For countryman Nam Nguyen, however, this competition might have just been the final nail in the coffin. He followed up a short with two falls with a free with two doubled quads, and even a quad salchow-triple toe, the hardest quad combination landed by anybody here, couldn’t get him higher than tenth. Nor do things look good for eight-place Dmitri Aliev, whose quad toe combinations were accompanied by too many falls and underrotations. At least Michael Brezina, who came in between them, doesn’t have to worry about any of that, but his free was even worse than theirs.
Evgenia Medvedeva has already been surprisingly less than perfect this fall, but this week she really shocked. Her short program was well enough, though bending forward on her double axel kept her score from breaking 80. But her free program opened with her falling on her triple flip, and then two-footing her triple lutz. Then she pulled it together, and things were good for the rest of the program. She even landed both her harder and easier triple-triples in the second half, attaching the triple toe to what was supposed to her solo flip. But for the first time in a long time, she has made mistakes enough to be potentially beatable, although ultimately it didn’t happen here.
It probably would’ve taken either Satoko Miyahara or Carolina Kostner’s absolute best to do it. And the former had a far bigger disappointment with how she skated here. Her short program score was even surprisingly low, even when her triple lutz-triple toe attempt had both an underrotation and a double in it. The judges were kinder to her in her free program, but in that one she underrotated the triple-triple and an axel, doubled two more jumps, and just generally wasn’t at her best. The program, which she debuted here, could’ve been stronger in terms of performance too. She finished all the way down in fifth.
Kostner fared better. In fact, she was the only non-Russian to escape the wrath of a more active technical panel than last week throughout the competition. She skated a good short program, making up for a turnout in her triple toe-triple toe with everything else, including a silky-smooth step sequence she maxed out the possible score for. But her already technically easier long program took further hits when she doubled a planned triple toe, which resulted in her planned second double toe becoming an illegal third and getting invalidated. Falling on her three-jump didn’t help either. She was third in the free skate, but managed to hold on to silver by two points.
Bronze went to the real surprise: Polina Tsurskaya. She came in under the radar, having suffered a disappointing final junior season. But she put together two flawless skates, reminding everyone of why she stunned the junior scene when she first debuted. She was also the only skater besides Medvedeva to land a difficult triple-triple in both programs, and she also had a double axel-triple toe-double toe. In fact, both the second two Russian ladies skated up to potential, which was big for both of them. But since the other one was Alena Leonova, though she too nailed both programs and had a very emotional reaction to doing so, sixth was as high as she could get.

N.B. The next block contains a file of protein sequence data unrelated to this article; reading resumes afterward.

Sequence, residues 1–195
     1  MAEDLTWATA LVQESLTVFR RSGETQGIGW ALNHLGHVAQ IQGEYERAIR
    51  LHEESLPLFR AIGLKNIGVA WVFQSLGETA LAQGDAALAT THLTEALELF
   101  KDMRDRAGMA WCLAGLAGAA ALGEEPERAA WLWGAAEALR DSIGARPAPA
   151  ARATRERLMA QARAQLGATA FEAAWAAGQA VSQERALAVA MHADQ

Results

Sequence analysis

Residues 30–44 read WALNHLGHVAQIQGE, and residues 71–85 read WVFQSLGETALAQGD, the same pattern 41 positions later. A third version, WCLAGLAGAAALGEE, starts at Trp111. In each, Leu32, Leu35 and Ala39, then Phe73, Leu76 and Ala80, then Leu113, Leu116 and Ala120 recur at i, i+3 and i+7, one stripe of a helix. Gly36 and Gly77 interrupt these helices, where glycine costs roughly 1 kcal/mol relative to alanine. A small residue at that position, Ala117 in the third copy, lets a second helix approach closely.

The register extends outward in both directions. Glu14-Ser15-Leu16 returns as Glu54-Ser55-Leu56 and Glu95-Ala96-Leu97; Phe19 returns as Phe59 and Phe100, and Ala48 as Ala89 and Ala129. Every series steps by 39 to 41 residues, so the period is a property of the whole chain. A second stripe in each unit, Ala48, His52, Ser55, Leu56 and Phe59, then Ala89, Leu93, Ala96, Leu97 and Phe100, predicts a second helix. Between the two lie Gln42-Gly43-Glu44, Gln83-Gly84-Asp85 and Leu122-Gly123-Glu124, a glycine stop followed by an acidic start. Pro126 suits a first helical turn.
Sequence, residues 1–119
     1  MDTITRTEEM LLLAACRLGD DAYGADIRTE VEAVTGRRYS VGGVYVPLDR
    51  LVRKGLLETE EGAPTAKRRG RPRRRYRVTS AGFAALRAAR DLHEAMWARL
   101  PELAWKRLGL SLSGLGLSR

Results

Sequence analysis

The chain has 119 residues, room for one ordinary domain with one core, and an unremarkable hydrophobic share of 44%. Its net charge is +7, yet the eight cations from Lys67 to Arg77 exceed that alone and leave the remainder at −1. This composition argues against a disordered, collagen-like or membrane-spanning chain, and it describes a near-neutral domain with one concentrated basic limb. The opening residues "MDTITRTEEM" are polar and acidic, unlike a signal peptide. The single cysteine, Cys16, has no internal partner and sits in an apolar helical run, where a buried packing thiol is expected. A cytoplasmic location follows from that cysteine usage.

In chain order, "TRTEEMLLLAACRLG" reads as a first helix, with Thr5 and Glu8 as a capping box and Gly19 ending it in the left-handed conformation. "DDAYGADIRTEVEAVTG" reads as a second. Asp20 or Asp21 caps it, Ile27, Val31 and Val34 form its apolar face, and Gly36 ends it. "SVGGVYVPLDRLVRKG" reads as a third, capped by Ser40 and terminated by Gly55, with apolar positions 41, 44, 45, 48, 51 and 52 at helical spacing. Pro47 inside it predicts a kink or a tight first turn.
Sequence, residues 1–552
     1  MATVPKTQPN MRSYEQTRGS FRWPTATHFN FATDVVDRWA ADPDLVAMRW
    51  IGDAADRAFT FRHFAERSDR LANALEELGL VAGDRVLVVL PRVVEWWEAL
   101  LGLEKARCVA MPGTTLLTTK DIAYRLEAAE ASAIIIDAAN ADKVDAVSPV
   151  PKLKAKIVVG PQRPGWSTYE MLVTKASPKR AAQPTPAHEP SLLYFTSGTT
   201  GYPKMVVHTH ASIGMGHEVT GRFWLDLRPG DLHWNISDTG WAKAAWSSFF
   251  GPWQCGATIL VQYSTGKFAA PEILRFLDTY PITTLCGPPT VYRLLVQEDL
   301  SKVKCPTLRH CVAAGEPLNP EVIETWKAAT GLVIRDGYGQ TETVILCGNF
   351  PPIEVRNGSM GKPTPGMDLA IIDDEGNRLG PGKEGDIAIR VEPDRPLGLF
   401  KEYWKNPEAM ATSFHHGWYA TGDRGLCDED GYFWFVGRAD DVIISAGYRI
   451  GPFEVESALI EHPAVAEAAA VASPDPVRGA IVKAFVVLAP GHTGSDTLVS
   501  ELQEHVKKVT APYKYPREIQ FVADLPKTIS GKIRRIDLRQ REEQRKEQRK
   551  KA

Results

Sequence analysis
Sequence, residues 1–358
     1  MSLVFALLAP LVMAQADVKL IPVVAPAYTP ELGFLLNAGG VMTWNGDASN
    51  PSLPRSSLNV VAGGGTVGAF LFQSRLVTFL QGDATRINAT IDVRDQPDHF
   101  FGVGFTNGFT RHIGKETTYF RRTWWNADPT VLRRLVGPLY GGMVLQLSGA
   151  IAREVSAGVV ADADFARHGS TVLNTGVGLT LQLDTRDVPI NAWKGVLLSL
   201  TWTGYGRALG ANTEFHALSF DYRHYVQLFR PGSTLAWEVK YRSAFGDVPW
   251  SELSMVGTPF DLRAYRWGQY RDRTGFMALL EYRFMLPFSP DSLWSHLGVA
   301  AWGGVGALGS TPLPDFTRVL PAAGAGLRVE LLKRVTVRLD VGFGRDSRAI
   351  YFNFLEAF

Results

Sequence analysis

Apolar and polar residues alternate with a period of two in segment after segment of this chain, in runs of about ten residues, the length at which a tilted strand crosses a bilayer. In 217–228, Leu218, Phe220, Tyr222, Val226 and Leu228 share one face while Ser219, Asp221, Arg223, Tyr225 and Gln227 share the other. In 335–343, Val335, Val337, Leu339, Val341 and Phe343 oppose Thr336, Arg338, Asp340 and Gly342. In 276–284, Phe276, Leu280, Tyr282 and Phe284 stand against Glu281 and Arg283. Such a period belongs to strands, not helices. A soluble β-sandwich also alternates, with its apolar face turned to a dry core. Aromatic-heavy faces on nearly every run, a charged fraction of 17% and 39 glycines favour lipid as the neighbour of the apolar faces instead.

Also having a pretty good competition despite the lack of medal was Mirai Nagasu. This time she stood up on the triple axel in both programs, and rotated it in the short, though she still had two-footing issues. She got slapped with two underrotations elsewhere in the short, but was clean through the rest of her free, even landing her triple flip-triple toe. She finished fourth. Also landing one difficult triple-triple was Rika Hongo in her short. But she underrotated her lutz there. In the free she underrotated both triple-triple and double-triple-double attempt, and her solo flip was fully downgraded. That brought her down to seventh.
At least she didn’t have as hard a time as Mariah Bell or Alaine Chartrand. The former rotated only one clean jump combination in the entire competition, not even able to finish her triple-triple attempt in the free, where she fell on both underrotations. She finished ninth. The latter actually skated a little better than she had in Canada, especially in the free, where she even landed her triple lutz-triple toe. But she still failed to land most of her jumps, and finished eleventh.